Routledge, London (2015)
ISBN: 9780415739450 (hb)
Reviewed by Catriona Hugman, Northumbria University
When this book dropped through the letterbox I had no idea what to expect from Nicole Moulding. I’d been intrigued enough by the title and blurb to review it, but I had no idea how she was going to approach the trauma in people’s lives. It quickly became apparent that this was a much needed contribution to the feminist sociology of mental health and abuse. Whilst feminists have contributed to the field of understanding sexual, physical and domestic abuse there has been little work to develop a more critical approach to emotional abuse and its affects. Moulding has therefore had her work cut out. This book is particularly relevant in the UK where in 2014 the coalition government proposed legislation, the ‘Cinderella Law’, to tackle children’s experiences of emotional abuse.
The book begins with a detailed overview of the way in which feminist analyses have approached childhood physical and sexual abuse, demonstrating important developments in the way in which these experiences are approached and theorised. The early chapters are theoretically rich, this may pose a barrier to newcomers, but it does provide a good grounding in feminist approaches to the field.
Whilst the qualitative data used in the book is from Australia, the topic and its arguments will be useful for those researching and working with survivors of abuse. Moulding clearly reports the methodology she used and the rationale for drawing data from three separate studies for this work. However more details about the limitations, ethical dimensions and practical difficulties here would help others, conducting research into sensitive areas, learn from Moulding’s experiences. Through the use of a Foucauldian inspired discourse and thematic analysis Moulding has designed a feminist theoretical framework. This focuses on the ‘situated intersubjectivity and its emphasis on the entwinement of the symbolic and material’ (p.42) dimensions of participants’ accounts.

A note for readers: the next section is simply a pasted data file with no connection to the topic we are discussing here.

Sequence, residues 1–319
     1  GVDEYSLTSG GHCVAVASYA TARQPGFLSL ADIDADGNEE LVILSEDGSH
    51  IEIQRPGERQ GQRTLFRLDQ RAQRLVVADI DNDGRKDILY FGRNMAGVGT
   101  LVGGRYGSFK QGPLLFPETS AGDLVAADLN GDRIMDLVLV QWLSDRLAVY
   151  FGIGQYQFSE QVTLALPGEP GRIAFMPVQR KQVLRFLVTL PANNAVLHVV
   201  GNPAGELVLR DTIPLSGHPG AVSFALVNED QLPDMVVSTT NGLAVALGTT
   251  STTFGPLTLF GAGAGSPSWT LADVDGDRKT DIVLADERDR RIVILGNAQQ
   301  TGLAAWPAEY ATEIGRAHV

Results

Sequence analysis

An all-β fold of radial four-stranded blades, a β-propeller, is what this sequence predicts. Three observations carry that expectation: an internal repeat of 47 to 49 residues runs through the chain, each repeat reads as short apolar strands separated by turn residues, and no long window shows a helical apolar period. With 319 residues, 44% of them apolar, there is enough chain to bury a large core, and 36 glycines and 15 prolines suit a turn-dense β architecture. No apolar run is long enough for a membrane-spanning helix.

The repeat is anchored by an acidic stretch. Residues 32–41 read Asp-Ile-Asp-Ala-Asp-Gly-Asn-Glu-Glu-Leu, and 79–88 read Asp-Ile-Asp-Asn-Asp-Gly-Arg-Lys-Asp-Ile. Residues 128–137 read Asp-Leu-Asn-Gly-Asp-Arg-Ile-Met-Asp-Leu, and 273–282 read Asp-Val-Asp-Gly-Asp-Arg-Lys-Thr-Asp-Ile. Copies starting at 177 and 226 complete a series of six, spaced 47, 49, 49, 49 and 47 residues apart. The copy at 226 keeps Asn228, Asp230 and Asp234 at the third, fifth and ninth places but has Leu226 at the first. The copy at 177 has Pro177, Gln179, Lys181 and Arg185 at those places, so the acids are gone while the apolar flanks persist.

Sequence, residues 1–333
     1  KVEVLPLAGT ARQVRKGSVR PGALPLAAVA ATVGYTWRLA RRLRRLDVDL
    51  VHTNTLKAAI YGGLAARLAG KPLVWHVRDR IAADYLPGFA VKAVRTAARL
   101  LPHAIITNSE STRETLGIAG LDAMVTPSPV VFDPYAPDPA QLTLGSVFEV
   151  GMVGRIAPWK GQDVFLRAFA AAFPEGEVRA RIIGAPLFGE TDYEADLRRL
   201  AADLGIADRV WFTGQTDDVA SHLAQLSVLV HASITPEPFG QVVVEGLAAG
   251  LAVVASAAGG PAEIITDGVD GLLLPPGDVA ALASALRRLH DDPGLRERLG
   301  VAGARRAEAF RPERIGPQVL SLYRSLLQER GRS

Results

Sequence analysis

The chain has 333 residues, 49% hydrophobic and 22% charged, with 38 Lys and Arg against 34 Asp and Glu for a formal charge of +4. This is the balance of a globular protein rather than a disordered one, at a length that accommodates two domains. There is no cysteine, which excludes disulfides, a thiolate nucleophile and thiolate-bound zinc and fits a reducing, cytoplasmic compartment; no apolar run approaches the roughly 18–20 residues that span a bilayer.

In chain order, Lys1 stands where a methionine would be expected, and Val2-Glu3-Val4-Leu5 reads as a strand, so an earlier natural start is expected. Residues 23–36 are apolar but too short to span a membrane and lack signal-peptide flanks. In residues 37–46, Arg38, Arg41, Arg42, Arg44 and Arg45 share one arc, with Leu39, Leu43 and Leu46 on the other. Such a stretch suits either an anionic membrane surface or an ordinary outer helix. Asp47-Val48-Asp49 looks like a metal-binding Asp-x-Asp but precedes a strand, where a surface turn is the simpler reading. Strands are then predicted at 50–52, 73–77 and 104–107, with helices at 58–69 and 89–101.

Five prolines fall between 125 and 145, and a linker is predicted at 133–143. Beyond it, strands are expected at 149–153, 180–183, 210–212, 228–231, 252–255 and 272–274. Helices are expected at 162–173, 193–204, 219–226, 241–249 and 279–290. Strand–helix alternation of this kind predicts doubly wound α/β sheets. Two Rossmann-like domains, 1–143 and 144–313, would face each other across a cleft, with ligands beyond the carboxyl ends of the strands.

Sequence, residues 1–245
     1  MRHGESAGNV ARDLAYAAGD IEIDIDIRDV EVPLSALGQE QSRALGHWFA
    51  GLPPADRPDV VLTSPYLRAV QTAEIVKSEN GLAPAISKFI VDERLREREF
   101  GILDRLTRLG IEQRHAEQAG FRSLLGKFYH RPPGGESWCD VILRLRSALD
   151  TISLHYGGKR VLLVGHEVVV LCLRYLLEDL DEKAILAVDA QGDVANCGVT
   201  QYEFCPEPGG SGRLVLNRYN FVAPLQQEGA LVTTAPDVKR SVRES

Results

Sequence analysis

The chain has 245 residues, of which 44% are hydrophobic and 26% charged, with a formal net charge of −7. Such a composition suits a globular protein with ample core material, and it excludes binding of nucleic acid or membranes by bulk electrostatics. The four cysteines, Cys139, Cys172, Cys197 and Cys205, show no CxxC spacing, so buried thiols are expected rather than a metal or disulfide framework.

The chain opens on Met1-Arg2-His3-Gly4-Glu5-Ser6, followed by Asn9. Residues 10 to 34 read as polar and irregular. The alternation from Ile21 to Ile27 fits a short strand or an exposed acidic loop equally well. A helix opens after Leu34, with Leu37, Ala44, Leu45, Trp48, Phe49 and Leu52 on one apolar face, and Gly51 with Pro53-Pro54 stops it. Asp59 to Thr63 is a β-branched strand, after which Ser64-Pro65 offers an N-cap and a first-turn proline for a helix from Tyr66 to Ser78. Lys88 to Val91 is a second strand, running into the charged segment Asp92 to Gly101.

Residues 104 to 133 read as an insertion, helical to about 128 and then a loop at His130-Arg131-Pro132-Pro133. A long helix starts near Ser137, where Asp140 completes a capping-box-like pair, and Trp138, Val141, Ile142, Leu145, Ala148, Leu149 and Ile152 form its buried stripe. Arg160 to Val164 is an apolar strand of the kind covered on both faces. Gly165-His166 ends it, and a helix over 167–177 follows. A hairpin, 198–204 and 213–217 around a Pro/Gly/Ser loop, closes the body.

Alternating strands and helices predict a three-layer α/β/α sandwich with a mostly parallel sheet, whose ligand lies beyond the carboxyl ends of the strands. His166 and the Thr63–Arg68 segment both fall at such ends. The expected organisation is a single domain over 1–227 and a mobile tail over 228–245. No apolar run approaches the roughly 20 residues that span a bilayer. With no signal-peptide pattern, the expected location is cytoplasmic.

At the beginning of the book Moulding describes and reflects on her own journey with feminism. Describing the ‘relief’ she felt from the credence that the ‘personal is political’ (p.33), the question is then: has this book communicated how individual experiences of abuse, trauma and mental health are political?
Overall this has been achieved through a nuanced discussion of very complicated ideas. Throughout the chapters focusing on narratives of emotional abuse, eating disorder, recovery and domestic violence Moulding continually reiterates their cultural and social dimensions. Through this she presents the complexities of her participant’s accounts, working with the ambiguities produced to explore the contradictions inherent within gendered discourses. However, this political element is often soft and vague; this may well be a direct consequence of the discursive post-structural paradigm. One particularly pertinent example is in the way that Moulding pays attention to how selfhood and personhood are discursively constructed. She shows that women spoke of being a good, or better person; men on the other hand, conflated their personhood to being a better man. Furthermore, the analytical approach has also reiterated the dissonance between survivor understandings of emotional distress and disorders and the medicalised approach taken by those who are positioned as professionals to help. What comes through strongly is that some women reject medicalised notions of their emotional distress. This adds to the discussion about how mental illness is diagnosed and subjectively negotiated. Overall recovery as a concept is underexplored in this book. It has already been shown that this is a politically loaded concept that has its history in the psychiatric survivor movements, but has recently been appropriated by the medical professions.
This book is a significant development; through analysis Moulding has contextualised individual experiences of emotional abuse, trauma and domestic violence. The evidence and arguments in this book successfully problematize individualised approaches to emotional distress, eating disorders, self-harm, anxiety and depression. Moulding’s work resonates with other sociologists and feminists researching the affective dimensions of mental health, trauma, abuse and recovery as it explores the way in which dominant approaches individualises the influence of societal factors.